Relocations Part 2: What Courts Consider When Deciding on Moves

In our last blog post, we discussed how courts determine whether parents may move with the child. These types of cases involve parents who want to move away with the children for reassignment or new employment. They also involve parents who want to join a new spouse, or a parent who wants to move back to where most of the parent’s family lives. The problem is that in relocations, this means less visitation for the parent who remains. These cases require the skillful help of experienced family law attorneys such as the ones at Houston’s Boudreaux | Hunter & Associates, L.L.C.

Boudreaux | Hunter & Associates, L.L.C., has grown to be a six-person firm. The two partners, Shannon Boudreaux and Kevin Hunter, have assembled a team to ensure the highest quality of client service. Ms. Boudreaux has limited her practice solely to family law since 2003. By 2014, she had been named to the National Advocates Top 100 Lawyers list. She has a perfect score of “10” from Avvo, an attorney rating service. Mr. Hunter joined the firm after serving his country in the United States Air Force. While attending South Texas College of Law, Mr. Hunter excelled at oral advocacy. He served as an officer on South Texas’ Board of Advocates and participated in moot court tournaments in Georgia and California.

Relocations Require Courts to Consider Many Factors

Because there is so much to consider, relocations require attention to many items of evidence. Once integrated, that evidence provides the best chance for victory in court. In a 2002 case, the Texas Supreme Court laid out eight points for trial courts to consider. We discussed the first three points in our earlier post:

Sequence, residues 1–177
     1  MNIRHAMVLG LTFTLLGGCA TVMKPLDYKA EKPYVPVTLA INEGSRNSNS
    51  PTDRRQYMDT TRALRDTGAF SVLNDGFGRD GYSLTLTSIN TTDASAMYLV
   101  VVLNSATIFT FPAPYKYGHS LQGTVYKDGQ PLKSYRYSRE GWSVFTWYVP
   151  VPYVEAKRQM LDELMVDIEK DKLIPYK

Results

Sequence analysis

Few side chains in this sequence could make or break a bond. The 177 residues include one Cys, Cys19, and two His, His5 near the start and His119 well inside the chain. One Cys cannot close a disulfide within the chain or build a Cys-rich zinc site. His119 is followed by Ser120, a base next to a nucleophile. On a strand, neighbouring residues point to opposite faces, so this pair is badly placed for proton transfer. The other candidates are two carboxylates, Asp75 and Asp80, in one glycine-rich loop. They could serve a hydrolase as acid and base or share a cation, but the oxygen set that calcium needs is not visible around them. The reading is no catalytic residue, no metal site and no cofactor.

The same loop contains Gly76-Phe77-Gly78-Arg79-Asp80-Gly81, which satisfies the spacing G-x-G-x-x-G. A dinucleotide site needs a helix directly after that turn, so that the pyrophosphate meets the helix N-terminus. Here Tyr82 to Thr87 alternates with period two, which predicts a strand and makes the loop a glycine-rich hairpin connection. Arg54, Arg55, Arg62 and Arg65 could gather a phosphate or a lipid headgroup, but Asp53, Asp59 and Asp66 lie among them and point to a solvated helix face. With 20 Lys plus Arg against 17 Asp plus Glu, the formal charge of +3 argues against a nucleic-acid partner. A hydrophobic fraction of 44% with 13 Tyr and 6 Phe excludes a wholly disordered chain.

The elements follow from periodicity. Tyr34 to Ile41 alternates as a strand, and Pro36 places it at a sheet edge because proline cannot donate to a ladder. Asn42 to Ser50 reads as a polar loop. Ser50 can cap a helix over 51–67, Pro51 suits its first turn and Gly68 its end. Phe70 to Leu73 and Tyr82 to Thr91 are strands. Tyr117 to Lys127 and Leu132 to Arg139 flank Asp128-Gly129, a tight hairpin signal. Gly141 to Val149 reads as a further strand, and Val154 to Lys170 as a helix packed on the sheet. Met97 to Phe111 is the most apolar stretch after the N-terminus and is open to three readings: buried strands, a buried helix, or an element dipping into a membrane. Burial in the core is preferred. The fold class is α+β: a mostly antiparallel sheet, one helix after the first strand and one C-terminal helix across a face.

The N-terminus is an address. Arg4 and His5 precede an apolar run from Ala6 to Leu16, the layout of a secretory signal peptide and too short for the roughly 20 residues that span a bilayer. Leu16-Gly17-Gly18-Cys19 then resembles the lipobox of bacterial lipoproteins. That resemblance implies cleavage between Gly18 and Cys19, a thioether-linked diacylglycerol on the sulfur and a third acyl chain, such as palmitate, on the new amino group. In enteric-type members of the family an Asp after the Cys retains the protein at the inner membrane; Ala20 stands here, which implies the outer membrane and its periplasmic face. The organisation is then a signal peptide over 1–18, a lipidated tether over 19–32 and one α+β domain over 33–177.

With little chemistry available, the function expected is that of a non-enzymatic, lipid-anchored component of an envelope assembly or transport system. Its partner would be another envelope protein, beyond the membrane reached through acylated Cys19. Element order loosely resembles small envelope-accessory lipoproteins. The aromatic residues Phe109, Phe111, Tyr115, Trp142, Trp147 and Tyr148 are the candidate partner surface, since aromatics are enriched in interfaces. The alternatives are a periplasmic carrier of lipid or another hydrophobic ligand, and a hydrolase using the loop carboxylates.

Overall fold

1. The reasons for and against the move, including whether the parents request or oppose it in good faith.

2. The opportunities for health, education and leisure afforded by the move.

3. The degree of economic, emotional and educational enhancement for the custodial parent and child. 

In this post, we cover the remaining five points the trial court should consider.

4. The child’s relationship with extended family and friends, and the effect the move would have on those relationships.

This consideration requires counting the number and evaluating the closeness of the child’s relationships with family and friends where the child lives now and at the location of the child’s proposed move.

5. The extent to which the child’s special needs or talents can be accommodated at the new location.

This consideration applies to two situations: A child who faces challenges such as a learning disability; and a child of extraordinary ability. If there are inadequate facilities at the location of the proposed move to treat a child’s special needs, then perhaps the child should stay where the child is. Also, if the child is, for example, a talented violinist, and there is a well-regarded violin school at the proposed new location, perhaps the child should move.

6. The effect on visitation and communication with the noncustodial parent to maintain a full and continuous relationship with the child.

A family law court is charged with placing a child’s best interest first, above any interests of the parents. But one thing bearing on the child’s best interest is the child’s relationship with the child’s parents. The Texas Family Code encourages liberal visitation. If a parent does not exercise it, then there is less of a loss to the child if the child moves away.

7. The possibility of a visitation schedule allowing the continuation of a meaningful relationship between the noncustodial parent and child following the move.

Obviously, if the child moves away, then it is more difficult to have visitation with the parent who remains. The evolution of communication by email, text, Facebook and Zoom calls has attenuated the effects of a move on the child, but still, there is no substitute for physical presence.

8. The ability of the noncustodial parent to relocate.

A simple, yet often difficult solution to relocations is for the noncustodial parent to move to the child’s new location. Often, this is not possible because of employment situations. For example, if a noncustodial parent has held a job for only a short time, or is employed by a large company with the opportunity to transfer to the new location or nearby, then the court may be more likely to allow the move.

Experienced Counsel Needed

As we stated in our prior post, collection and presentation of evidence is key to obtaining or preventing relocations. Should you need the help of an attorney experienced in relocations, you should contact the team at Boudreaux | Hunter & Associates, L.L.C.